About the Artwork
“Resonance is a 8’Hx12’Wx4’D steel sculpture that uses geometry to frame the surrounding environment and also serves an Aeolian harp. My work emphasizes the vulnerability of nature to humanity. As the viewer changes physical perspective around the piece, their perception of their own scale and relationship to nature also changes. Moreover, the sound changes. The definition of resonance as ‘the sympathetic vibration of an object at a specific frequency when it is excited into motion by a sound wave of similar frequency in the immediate vicinity’ is literally used as a double entendre in this context.” –Stephanie Garon and Terry Ingram
About the Artists
Stephanie Garon: As a five year old, I tagged along with my father to “hamfests,” radio operator gatherings held in county fair parking lots. Cars would pop open their trunks like overflowing treasure chests filled with electronic wares: old radio boxes, computer boards, cables, monitors, soldering irons. It was an oasis in the heart of wooded valleys.
My father would sell or trade items he no longer needed. My job was to display them on a tattered blanket and haggle to make the sale. The setup became my stage as I pranced about, reorganizing after each barter session. In my mind’s eye, we were a traveling show and I was the star with dirty nails, pigtails and suspenders.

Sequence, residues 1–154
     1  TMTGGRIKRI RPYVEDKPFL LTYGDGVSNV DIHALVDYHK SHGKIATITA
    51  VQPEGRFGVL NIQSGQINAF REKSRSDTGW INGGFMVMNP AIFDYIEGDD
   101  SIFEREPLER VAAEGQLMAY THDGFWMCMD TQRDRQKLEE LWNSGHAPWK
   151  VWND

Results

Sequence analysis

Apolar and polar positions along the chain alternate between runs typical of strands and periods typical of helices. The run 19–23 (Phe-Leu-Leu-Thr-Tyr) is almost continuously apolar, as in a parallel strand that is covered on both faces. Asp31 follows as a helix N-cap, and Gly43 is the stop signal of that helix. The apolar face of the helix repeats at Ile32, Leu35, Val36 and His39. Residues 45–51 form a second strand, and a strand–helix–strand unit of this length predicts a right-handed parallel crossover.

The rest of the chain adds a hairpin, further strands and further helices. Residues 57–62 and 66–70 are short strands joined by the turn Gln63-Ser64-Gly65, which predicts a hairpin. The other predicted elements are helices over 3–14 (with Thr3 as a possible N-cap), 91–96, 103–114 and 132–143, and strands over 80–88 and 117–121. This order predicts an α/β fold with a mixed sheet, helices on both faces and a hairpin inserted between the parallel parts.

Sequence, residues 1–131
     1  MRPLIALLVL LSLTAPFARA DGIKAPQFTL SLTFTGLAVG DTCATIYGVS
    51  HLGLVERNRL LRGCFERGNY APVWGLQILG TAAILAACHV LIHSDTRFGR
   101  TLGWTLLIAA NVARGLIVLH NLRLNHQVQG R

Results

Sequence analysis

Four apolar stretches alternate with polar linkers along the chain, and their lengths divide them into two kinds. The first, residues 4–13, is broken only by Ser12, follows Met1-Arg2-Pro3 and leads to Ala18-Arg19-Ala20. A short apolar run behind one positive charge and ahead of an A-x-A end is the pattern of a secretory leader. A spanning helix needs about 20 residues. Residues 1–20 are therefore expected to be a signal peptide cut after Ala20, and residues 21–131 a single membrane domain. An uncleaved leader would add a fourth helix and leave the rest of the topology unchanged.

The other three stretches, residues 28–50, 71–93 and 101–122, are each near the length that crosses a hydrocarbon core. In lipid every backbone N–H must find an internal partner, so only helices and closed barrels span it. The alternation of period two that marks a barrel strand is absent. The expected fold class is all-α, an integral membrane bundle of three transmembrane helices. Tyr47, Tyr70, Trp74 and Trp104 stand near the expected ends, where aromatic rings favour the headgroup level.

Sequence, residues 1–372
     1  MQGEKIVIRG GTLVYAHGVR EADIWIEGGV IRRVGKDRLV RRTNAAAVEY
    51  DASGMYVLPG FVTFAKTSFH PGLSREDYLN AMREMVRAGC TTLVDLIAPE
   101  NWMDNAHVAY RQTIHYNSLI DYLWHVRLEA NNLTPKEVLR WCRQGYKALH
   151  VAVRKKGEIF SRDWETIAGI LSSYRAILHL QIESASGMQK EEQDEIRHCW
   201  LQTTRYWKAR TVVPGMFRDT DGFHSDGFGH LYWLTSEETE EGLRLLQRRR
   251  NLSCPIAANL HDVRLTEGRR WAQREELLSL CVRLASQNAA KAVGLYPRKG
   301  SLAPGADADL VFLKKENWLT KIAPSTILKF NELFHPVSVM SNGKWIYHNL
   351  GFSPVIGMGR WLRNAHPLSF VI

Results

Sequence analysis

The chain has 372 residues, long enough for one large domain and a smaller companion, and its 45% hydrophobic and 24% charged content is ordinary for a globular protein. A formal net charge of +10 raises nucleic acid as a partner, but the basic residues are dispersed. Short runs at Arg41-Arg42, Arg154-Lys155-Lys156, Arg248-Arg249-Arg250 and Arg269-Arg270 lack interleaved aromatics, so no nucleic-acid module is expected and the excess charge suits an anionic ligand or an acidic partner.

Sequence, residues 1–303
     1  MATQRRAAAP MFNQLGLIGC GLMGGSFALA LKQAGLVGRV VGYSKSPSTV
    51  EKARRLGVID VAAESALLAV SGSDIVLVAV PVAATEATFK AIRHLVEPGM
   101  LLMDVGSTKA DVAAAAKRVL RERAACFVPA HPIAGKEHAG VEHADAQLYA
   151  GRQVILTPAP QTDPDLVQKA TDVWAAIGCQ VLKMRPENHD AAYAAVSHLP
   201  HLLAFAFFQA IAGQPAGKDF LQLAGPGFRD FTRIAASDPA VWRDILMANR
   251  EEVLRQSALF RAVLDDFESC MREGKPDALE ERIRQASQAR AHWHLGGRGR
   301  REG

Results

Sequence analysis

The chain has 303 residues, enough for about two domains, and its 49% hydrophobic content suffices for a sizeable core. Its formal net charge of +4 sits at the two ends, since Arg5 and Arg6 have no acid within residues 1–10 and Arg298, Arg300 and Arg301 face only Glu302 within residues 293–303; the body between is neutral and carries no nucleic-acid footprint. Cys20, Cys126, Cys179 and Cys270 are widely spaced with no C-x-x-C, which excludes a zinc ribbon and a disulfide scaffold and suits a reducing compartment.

Years later, when I find myself welding and smelling the rusty steel odor of the studio, I am driving down those dusty roads again. My work explores the limits of nature and connection through juxtaposing industrial elements with natural materials I collect. The decomposition of the natural forms provides drama and philosophic markers of fragility: green pine needles fade to brown, cement made from melted snow crumbles, and wind switches orientation of metal sculpture around trees. Rich in associations, the work functions as abstracted expressions of a time, place, and way of life that capture paradoxes: formalism and fragility, permanence and impermanence, and nature and nurture.
My work invites the viewer to contemplate how we, as people, build structures and interact with the natural world around us. Like the items I’d curate at the hamfests, my art embraces transforming materials to define my visual voice.
Terry Ingram, a lifelong farmer from Culpepper, Virginia, applies his expertise with cultivating the earth to his themes in his writing and art practice. He works as a representative for Organic Valley Cooperative.